Australian Cattle Dog
Siberian Husky
The Ausky is a cross between an Australian Cattle Dog and a Siberian Husky, both intelligent, active and enduring breeds. The resulting cross is an intelligent and active dog that does best with early socialization and plenty to do. Fortunately, there are many activities that they are suited to, including running and agility training, along with the pulling and herding activities enjoyed by the parent breeds. This breed of dog requires a great deal of vigorous activity on a daily basis and can become uncooperative and destructive if not kept busy. They may inherit a tendency to be somewhat nippy from the Australian Cattle Dog, and they have the high prey drive of the Siberian Husky, making some Ausky dogs inappropriate companions for small, fast moving children or pets.
Purpose
Gaurding, companion
Date of Origin
Unknown
Ancestry
American Bulldog, Siberian Husky

Ausky Breed History

The Ausky is a recent designer breed and is sometimes referred to as an Australian Husky. Unfortunately, this name is also employed to refer to a mix of Husky and Australian Shepherd, making record keeping even more challenging. The Ausky hybrid is a mix of two very strong and agile canines bred to work closely with people in order to handle jobs that were tough and rigorous, sometimes even downright dangerous. The Australian Cattle Dog was bred to herd cattle in Australia by nipping at their heels, which means they also had to be exceptionally quick and agile to avoid being kicked by those same hooves. The Siberian Husky was developed in Russia by an indigenous people known as the Chukchi to carry supplies and sometimes people over the vast stretches of ice and snow in Siberia. Although the Siberian Husky has a wolf-like appearance, it was bred to live alongside its family, and it is traditionally a very friendly breed; the addition of the Australian Cattle Dog gives the Ausky a more protective nature than the Husky, making it more appropriate as a watchdog or guard dog. Although they work closely with people, both of the parent breeds are known to have an independent nature, and it was the independent and sometimes stubborn nature of this breed that inspired Sharon Delarose to write her book titled Bad Dog to Best Friend about her rescue dog, a tough to handle Ausky that had been abandoned by its previous owners.

Ausky Breed Appearance

These are medium sized, athletic dogs that are both strong and agile. They tend to be slightly longer than they are tall and are typically compact and well-muscled. They generally have a broad skull with almond eyes and a powerfully built muzzle of medium length. Their eyes may be blue or brown, or they may have one of each, and the Ausky should have triangular ears that are held upright and may be heavily furred on the inside. Dogs that are introduced as Auskies that have floppier ears may be a cross between an Australian Shepherd and a Husky rather than an Australian Cattle Dog. Both of the parent breeds for the Ausky have a double coat, a dense undercoat covered with a protective coat of straight guard hair. If the dog’s coat favors the Australian Cattle Dog side of their heritage, then the undercoat will be more kinky than downy, and the guard hairs will be short, whereas those that take after their Siberian Husky roots will have the downier undercoat covered by a longer top coat.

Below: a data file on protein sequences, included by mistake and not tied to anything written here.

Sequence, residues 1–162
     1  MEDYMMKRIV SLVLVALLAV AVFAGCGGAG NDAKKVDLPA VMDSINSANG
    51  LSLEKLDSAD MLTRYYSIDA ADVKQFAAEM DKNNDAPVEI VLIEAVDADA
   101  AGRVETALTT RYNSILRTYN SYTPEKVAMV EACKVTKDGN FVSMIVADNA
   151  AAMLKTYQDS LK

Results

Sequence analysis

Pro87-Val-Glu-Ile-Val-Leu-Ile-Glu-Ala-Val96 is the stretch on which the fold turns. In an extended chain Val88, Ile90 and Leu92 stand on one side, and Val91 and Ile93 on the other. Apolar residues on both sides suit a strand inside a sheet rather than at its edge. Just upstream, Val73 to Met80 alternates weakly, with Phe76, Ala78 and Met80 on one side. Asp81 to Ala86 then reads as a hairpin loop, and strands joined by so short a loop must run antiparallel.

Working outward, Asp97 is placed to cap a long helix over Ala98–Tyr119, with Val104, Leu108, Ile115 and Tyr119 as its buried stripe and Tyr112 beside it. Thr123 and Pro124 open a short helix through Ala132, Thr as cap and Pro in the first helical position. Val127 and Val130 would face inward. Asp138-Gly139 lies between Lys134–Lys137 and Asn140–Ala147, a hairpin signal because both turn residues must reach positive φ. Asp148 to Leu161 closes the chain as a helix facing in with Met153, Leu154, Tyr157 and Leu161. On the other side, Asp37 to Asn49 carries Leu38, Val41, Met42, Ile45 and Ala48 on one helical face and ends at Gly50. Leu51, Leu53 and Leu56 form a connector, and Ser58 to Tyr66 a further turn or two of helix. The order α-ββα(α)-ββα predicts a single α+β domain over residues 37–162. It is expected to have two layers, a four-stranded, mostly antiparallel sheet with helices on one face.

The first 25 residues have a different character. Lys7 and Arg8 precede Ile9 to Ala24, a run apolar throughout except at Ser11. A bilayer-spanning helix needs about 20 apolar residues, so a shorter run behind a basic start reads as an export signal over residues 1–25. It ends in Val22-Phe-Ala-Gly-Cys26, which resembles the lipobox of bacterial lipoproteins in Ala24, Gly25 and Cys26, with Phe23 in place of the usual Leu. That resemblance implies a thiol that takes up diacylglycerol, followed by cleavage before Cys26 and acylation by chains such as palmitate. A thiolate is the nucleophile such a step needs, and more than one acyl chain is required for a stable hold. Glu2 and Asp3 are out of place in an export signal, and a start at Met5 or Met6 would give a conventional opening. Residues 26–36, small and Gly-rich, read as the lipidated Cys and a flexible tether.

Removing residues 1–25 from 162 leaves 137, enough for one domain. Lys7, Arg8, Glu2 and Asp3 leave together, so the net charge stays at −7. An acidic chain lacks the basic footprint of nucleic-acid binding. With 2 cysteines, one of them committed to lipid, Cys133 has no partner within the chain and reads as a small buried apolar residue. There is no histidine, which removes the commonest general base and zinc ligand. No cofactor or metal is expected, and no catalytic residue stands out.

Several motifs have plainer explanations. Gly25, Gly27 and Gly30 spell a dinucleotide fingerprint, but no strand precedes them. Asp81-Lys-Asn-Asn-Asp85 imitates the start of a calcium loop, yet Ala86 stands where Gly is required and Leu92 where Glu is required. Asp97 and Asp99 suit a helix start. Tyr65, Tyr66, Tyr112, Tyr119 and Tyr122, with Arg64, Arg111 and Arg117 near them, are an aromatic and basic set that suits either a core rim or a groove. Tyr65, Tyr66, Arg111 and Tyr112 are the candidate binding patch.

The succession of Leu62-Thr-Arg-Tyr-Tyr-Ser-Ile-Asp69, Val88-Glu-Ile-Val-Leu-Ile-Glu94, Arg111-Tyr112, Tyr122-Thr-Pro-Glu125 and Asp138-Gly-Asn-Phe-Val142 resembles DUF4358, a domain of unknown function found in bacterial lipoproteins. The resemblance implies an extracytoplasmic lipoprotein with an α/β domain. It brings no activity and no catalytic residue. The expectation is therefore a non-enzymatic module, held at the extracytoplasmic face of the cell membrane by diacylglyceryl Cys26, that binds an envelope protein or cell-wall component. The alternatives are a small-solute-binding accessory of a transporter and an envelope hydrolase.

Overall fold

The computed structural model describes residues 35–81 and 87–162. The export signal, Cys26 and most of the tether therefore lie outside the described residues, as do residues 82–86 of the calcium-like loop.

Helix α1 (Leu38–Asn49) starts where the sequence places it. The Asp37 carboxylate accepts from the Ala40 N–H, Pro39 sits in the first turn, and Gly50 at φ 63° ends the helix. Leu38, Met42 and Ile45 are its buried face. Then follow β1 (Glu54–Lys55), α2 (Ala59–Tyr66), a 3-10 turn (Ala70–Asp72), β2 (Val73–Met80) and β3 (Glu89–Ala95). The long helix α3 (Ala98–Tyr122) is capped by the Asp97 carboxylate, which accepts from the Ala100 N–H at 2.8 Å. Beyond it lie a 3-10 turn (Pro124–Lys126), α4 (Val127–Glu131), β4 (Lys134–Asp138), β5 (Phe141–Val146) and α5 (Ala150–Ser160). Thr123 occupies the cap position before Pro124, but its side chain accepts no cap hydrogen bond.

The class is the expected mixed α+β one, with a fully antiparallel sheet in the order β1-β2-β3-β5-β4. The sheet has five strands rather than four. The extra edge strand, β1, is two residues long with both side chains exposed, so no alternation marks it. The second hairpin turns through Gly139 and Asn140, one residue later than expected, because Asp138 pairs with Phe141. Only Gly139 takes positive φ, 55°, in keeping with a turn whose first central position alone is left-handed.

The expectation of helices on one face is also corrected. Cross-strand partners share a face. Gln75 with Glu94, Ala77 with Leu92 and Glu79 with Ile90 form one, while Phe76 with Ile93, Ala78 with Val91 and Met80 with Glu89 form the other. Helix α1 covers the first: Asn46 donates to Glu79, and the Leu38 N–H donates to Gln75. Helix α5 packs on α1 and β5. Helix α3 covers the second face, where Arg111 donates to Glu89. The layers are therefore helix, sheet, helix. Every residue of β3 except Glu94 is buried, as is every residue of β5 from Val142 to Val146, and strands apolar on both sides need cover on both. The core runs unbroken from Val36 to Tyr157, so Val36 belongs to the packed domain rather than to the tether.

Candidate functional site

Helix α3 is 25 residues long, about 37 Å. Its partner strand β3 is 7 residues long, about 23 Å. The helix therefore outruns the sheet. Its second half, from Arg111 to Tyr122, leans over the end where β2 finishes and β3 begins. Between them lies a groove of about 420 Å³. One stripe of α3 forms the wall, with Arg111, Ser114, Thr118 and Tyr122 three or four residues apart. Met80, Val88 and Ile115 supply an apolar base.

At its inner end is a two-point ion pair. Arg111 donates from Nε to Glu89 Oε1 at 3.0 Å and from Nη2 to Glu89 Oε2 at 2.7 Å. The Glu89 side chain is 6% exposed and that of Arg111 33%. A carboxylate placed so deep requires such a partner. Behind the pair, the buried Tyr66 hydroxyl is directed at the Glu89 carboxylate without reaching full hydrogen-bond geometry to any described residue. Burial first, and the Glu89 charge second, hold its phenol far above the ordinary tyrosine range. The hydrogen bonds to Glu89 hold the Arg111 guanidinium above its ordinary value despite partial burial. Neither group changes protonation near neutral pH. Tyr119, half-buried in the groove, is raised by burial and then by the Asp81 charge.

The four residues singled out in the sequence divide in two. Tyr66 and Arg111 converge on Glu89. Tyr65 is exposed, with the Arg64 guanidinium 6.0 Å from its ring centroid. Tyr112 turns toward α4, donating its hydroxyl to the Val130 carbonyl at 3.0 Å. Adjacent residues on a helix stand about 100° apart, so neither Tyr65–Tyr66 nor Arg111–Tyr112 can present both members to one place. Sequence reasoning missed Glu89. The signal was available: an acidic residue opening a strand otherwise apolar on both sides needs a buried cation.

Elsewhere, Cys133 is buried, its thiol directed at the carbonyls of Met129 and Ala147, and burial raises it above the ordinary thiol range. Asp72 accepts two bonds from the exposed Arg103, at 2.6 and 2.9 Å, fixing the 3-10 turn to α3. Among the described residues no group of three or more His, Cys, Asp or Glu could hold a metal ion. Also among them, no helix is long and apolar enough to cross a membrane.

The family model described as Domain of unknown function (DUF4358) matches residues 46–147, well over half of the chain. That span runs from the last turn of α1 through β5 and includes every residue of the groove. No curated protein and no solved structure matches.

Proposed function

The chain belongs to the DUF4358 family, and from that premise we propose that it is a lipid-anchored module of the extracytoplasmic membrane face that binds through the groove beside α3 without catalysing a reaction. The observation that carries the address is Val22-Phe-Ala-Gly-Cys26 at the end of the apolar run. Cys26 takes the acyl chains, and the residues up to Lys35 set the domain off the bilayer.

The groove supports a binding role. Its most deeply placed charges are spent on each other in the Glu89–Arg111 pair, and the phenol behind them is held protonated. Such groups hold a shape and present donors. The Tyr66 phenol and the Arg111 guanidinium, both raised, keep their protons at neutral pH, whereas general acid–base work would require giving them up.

Ausky Breed Maintenance

The grooming for this hybrid can vary somewhat from dog to dog. Although both dogs have a double layer coat that is made up of a dense undercoat protected by a coat of straight guard hairs, the texture of the undercoat is quite different, and the top coat of a Siberian Husky is considerably longer than the Australian Cattle Dog. This means that if your dog takes after their Australian parent in coat types, they will require only occasional bathing and regular brushing with a stiff bristle brush or slicker brush. If your dog inherited a coat more reminiscent of the Husky line, bathing needs might still be infrequent, but brushing is more likely to be a daily requirement. Dogs with a more Husky type coat will also shed more and may have periods of significant shedding during the spring and fall.

Ausky Activity Requirements

Hybrid dogs like the Ausky are not always a fifty percent cross, and the overall personality traits can vary from dog to dog; however, there are some traits that are fairly consistent. The Ausky is a vigorous breed, in both physique and in temperament. They are also highly independent in nature and without early socialization and training these dogs can become stubborn and very difficult to train. They are, however, a highly intelligent breed and are quite capable of learning a variety of commands when they are not busy getting into mischief. These are not animals that like to be confined, and they can inherit the instinct to nip from their Australian Cattle Dog side and a high prey drive from their Siberian Husky genetics. These traits may make some members of this breed unsuitable to have around small children and smaller or fast moving pets, depending on the dog’s individual personality traits and early training and socialization.

Ausky Owner Experiences

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